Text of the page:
On The Spot is an award-winning documentary series, digging for human stories behind the news with two cameras, without a crew, giving the films extraordinary intimacy and honesty from the revolution in Egypt to earth quakes in Japan. The motto of the series is from Robert Capa, the Hungarian war photographer: "If your pictures aren't good enough, you're not close enough."
The filmmakers have received the Press Freedom Award in Strasbourg from the Council of Europe, the Prix Jury in Karlovy Vary at the Tourfilm Festival and the Golden Nymph as Best Documentary at the Monte Carlo TV Festival. "On The Spot: Gaza" has got the Gold Plaque at the 50th Chicago International Film Festival TV-Awards and the prize for "Best Foreign Short Documentary" at the American Documentary Film Festival in 2014.
Eszter Cseke and Andras S. Takacs are experienced digital journalists and documentary filmmakers, creators, presenters and producers of On The Spot, aired by Hungarian Public Tv and by Spektrum Tv in Central-Europe. They have made 40 hour-long documentaries in Afghanistan, French Guyana, Bissau Guinea, Ethiopia, India (Varanasi, Delhi, Dharamsala and Kashmir), Nepal (the Mount Everest, Kathmandu and the Rolpa region), Bolivia, Israel, Gaza, the West Bank, Svalbard, Sri Lanka, Burma, Iran, Mauritania, South Africa, Japan, Egypt, the United States, Cuba, Germany, Indonesia and the Maldives. They have made exclusive interviews with world leaders like Ban Ki-moon or Evo Morales but always focused on the stories of ordinary people living in the background of the news. They filmed with gangsters in the ghettos of Johannesburg, were embedded on frontlines, lived in tribes, covered tsunamis and revolutions, worked under-covered in Burma and Iran. Their "rare and exclusive" footage appeared on BBC World and CNN International too.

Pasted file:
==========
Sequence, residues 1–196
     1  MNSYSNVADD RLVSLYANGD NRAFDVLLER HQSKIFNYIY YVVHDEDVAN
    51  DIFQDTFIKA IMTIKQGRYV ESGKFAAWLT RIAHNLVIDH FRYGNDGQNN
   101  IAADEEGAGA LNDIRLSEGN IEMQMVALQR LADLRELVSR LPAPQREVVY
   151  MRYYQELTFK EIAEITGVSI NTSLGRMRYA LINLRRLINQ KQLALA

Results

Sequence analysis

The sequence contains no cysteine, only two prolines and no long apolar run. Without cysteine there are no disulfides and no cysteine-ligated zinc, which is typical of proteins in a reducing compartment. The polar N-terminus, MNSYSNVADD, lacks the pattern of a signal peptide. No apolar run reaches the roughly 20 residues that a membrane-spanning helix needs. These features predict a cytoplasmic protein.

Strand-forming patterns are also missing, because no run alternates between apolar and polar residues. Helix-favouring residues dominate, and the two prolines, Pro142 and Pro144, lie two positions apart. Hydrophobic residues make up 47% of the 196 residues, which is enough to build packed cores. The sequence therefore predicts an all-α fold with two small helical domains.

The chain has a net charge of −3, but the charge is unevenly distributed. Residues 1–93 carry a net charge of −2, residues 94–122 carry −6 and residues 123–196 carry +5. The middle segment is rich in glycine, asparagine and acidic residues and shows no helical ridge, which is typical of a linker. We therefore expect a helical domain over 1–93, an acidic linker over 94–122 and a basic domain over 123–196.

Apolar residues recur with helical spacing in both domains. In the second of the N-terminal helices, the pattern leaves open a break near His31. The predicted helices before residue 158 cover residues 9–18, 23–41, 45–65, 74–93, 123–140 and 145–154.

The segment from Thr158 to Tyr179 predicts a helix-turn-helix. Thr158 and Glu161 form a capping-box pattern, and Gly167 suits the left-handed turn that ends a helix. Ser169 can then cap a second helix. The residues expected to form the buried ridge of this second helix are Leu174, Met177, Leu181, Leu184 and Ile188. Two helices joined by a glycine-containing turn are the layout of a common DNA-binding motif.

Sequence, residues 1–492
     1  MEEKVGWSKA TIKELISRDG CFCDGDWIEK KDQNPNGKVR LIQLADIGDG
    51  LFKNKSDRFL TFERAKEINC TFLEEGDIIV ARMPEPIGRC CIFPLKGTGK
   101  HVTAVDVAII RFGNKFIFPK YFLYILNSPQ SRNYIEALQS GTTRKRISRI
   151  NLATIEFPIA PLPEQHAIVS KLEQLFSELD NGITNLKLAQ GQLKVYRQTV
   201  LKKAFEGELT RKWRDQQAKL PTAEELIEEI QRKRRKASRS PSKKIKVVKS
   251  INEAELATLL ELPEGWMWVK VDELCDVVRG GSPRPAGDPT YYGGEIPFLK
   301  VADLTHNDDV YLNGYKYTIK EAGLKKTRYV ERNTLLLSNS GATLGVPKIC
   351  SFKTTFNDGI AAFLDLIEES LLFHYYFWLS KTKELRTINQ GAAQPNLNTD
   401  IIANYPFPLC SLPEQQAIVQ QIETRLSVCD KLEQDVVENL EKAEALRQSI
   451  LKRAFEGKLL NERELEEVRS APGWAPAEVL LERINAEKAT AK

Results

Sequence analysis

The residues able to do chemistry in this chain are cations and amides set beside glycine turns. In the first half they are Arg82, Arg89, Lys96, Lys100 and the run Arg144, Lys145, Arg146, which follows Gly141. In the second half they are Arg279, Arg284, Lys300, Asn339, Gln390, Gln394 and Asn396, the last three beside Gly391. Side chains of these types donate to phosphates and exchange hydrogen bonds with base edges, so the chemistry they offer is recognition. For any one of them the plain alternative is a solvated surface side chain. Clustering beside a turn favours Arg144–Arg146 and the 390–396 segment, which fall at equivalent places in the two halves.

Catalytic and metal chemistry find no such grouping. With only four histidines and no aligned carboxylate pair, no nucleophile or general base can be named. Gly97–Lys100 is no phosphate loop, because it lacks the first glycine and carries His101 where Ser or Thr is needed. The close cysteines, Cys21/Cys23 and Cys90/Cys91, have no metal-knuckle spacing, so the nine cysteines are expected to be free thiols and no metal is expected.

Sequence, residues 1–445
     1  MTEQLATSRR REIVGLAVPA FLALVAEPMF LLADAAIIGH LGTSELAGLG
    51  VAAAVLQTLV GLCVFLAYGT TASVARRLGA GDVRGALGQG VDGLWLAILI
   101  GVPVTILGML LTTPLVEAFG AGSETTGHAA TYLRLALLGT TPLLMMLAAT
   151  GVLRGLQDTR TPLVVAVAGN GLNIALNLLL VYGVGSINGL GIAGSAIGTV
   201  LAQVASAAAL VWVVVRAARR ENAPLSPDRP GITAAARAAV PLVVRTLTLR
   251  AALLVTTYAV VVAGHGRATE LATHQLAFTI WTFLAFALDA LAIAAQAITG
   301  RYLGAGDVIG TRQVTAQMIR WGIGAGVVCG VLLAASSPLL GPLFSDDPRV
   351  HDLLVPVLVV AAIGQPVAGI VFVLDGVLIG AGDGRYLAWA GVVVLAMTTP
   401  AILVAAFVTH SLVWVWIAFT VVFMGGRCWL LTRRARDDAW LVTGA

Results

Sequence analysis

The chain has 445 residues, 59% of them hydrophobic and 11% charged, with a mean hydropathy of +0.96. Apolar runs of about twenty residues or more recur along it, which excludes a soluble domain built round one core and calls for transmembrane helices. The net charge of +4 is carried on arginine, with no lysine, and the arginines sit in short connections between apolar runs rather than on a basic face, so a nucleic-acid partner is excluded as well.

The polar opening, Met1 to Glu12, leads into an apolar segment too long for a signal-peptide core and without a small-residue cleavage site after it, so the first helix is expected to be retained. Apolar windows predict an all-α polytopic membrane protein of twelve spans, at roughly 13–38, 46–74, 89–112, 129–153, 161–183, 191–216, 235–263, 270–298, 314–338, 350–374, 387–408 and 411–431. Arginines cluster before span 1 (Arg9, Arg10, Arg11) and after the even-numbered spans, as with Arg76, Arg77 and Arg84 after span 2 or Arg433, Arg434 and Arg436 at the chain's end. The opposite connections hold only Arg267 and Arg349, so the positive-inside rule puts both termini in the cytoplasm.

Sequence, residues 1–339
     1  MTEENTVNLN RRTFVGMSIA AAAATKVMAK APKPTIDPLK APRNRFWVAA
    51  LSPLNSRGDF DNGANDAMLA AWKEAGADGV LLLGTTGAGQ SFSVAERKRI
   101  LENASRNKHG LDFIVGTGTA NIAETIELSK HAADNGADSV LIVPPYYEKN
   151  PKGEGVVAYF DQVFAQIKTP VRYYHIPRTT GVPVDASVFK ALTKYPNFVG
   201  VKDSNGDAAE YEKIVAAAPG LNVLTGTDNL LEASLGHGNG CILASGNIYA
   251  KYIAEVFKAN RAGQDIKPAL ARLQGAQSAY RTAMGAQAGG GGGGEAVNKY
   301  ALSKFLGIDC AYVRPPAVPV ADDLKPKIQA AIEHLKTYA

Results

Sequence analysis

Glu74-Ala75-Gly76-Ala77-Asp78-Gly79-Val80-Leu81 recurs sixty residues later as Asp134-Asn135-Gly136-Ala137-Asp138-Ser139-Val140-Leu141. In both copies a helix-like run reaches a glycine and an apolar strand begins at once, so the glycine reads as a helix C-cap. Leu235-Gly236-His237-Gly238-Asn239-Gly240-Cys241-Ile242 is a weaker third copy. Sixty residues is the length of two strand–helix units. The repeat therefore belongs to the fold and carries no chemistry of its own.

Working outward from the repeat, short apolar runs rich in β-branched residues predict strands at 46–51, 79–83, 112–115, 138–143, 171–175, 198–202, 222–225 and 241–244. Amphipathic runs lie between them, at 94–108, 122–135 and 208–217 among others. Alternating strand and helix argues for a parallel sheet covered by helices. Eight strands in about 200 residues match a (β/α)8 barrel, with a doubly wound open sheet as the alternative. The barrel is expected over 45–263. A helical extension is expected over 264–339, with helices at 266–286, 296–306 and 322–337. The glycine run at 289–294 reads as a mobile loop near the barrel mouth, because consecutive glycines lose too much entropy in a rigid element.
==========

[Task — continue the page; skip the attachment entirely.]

Eszter and Andras often write and take photos while in transit. Their tribal report appeared in Intelligent Life, many of their articles were published in Marie Claire, covering women issues from Iran to Papua and top travel destinations like Bali or the Maldives.
"Rare and exclusive"
"Takacs and Cseke plunge their cameras into the heart of the action, asking questions that are normally suppressed"
photo credit: Zoltan Sarosi
"You could say I lost my faith in the people on TV", Sting sang his song a little bit after we were born. Quarter of a century later we felt the very same. We were fed up with all the lies we watched on TV from manipulated news stories to false shooting noise added by war correspondents. We wanted to learn pure, true and honest storytelling. This is how we fell in love with the genre of documentary.
We tried to learn everything we could at the Hungarian Film Academy, at the Documentary Workshop of ARTE, at the New York Film Academy, at the Digital Journalism Course of NBC News, during an internship at CNN and work experience with the BBC. But at the end of the day we wanted to be free.
We wanted to be on the field, telling our stories without boundaries or borders, digging deeper, spending more time with the people and more time in the editing room too. But we were still in university...
We put together all our savings and left for Gaza with a small camera, just the two of us. The most amazing period of our lives began. We couldn't even sleep at night. We got to know people we were afraid of, we talked to Al-Qasam fighters, we went out to the sea with fishermen at dawn, got down to the smuggling tunnels under the border, made friends, got sick and filmed and filmed and filmed everything we saw and experienced. We had no crew, we had pure reality.
A few months later a 45-minute-long documentary was ready, the first of our own. We sent it to all major Hungarian channels. Most of them turned it down, saying it was not commercial enough, it could go air only after 1AM, people didn't want to see documentaries primetime, especially not with subtitles, especially not about the Middle East. A small international cable channel called Spektrum TV has been looking for its first original production for years. They loved the idea of not having a crew but capturing reality with two small cameras so they commissioned the first season of On The Spot.
We were all around the place. Afghanistan, Ethiopia, Bolivia - we really thought it was just a dream. Two months after the commission we were interviewing the Secretary General of the UN on the Arctic Circle. 6 months after signing the contract we were interviewed live on the BBC about our undercover report from Burma. Meanwhile we made friends and made films from ghettos of Johannesburg to hiding human rights activists in Kabul, from underground bloggers of Tehran to the last hidden tribes of Papua.
This is how we started. And this is how we learnt that documentary's strong because reality's stronger than anything. We just need to stick with it — wherever, whenever.
Eszter Cseke & Andras S. Takacs